Can you explain to me what you're referencing? Because, racist or not, I can't continue to live my life without witnessing the crab-future.

#14 Joshie

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Posted 24 June 2013 - 06:43 PM

View PostGarrett Brown, on 24 June 2013 - 05:19 PM, said:


Can you explain to me what you're referencing? Because, racist or not, I can't continue to live my life without witnessing the crab-future.


http://www.bartleby.com/1000/11.html

he loses his time machine to the morlocks, asks the eloi for help, they've lost any sense of human spirit or interest in doing anything not hedonistic, he goes underground to face the morlocks, they set up his time machine as an ambush, because they don't know he can use to escape, so he jumps in, goes like 30 million years in the future, and intelligent life his died out and there's just like, horrible crabs and poison plants that far in the future

#15 mall

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Posted 24 June 2013 - 07:40 PM

these racist caricatures are very racist imo

#16 dlo burns

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Posted 24 June 2013 - 09:51 PM

View PostJoshie, on 24 June 2013 - 06:43 PM, said:


http://www.bartleby.com/1000/11.html

he loses his time machine to the morlocks, asks the eloi for help, they've lost any sense of human spirit or interest in doing anything not hedonistic, he goes underground to face the morlocks, they set up his time machine as an ambush, because they don't know he can use to escape, so he jumps in, goes like 30 million years in the future, and intelligent life his died out and there's just like, horrible crabs and poison plants that far in the future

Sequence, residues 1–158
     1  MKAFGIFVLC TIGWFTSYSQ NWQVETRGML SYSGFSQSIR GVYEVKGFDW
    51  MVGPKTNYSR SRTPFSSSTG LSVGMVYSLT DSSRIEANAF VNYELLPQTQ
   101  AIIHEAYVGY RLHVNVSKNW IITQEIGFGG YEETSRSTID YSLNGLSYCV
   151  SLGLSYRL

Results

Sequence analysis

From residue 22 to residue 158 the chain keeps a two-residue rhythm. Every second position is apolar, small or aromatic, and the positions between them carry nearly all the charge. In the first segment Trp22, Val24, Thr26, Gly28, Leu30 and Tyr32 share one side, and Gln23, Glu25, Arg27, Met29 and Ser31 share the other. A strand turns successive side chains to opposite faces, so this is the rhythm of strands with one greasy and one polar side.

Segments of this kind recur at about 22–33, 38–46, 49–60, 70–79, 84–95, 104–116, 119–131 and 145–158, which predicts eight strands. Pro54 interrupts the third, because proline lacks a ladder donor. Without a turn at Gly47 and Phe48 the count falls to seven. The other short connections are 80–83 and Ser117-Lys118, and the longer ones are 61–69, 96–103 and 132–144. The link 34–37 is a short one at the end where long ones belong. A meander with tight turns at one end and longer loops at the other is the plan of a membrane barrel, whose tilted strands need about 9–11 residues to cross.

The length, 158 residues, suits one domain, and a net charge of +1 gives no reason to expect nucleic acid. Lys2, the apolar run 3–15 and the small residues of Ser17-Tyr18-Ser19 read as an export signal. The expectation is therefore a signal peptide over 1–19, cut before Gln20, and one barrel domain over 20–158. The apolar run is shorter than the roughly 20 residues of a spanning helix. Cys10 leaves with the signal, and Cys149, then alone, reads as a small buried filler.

Or maybe he just ended up in Australia who knows.

#17 Shariq Torres

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Posted 25 June 2013 - 06:38 AM

View PostMatt Miller, on 24 June 2013 - 02:42 PM, said:


Really? Most of the far-future space opera I've read seems to hand out names in such a way as to suggest a diverse cast, often not even matching physical descriptions. Asian names for dark skinned characters, Irish names for characters with asian features, made up names that don't match any particular culture. Near-future stuff more often has alliances/planets/stations/etc of one culture, but certainly not "always white".



I guess we've read different stuff then. The things I've read are usually from a white male's perspective. I haven't read too many where the protagonist is not white.

#18 Hyde Parker

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Posted 25 June 2013 - 08:35 AM

Even the protag of Starship Troopers is Filipino.

#19 seanotron

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Posted 25 June 2013 - 09:17 AM

View PostHyde Parker, on 25 June 2013 - 08:35 AM, said:

Even the protag of Starship Troopers is Filipino.


Yeah, it always cracked me up that Johnny Rico from Buenos Aires was played by a white guy named Casper.*



*Before anyone jumps on me, I am aware many people in Argentina have lighter-skin and that there's a huge European influence there.

#20 seanotron

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Posted 25 June 2013 - 09:29 AM

Also, racism does have a presence in Sci-Fi just like it has a presence in every other genre. I think when it pops up in Sci-Fi it tends to be more disappointing because Sci-Fi as a genre is supposed to be forward-thinking and progressive. So when Star Trek normally tries so hard to be non-racist and then manages to be racist anyway (like this episode - http://en.wikipedia....ext_Generation) - ugh, this episode), it ends up being way more disappointing than when some random Syfy movie does it.